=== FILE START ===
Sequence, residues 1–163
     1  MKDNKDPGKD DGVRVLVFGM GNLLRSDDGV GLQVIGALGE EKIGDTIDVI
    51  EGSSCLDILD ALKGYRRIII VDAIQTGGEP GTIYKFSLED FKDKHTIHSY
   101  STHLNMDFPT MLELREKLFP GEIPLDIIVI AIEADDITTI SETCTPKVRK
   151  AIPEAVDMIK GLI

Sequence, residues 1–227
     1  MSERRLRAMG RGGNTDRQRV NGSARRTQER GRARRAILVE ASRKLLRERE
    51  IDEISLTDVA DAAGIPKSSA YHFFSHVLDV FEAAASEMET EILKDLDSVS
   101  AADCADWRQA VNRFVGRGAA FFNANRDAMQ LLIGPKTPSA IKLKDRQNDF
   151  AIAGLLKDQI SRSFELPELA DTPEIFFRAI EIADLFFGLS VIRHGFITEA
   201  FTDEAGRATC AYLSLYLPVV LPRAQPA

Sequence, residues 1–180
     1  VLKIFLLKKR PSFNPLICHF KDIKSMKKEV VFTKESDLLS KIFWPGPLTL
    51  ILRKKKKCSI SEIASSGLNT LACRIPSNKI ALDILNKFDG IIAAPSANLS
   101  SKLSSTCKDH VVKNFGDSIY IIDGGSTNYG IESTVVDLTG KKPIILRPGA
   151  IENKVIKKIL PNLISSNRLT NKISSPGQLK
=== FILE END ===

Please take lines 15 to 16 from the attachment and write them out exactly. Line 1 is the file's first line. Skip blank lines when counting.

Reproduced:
   101  SKLSSTCKDH VVKNFGDSIY IIDGGSTNYG IESTVVDLTG KKPIILRPGA
   151  IENKVIKKIL PNLISSNRLT NKISSPGQLK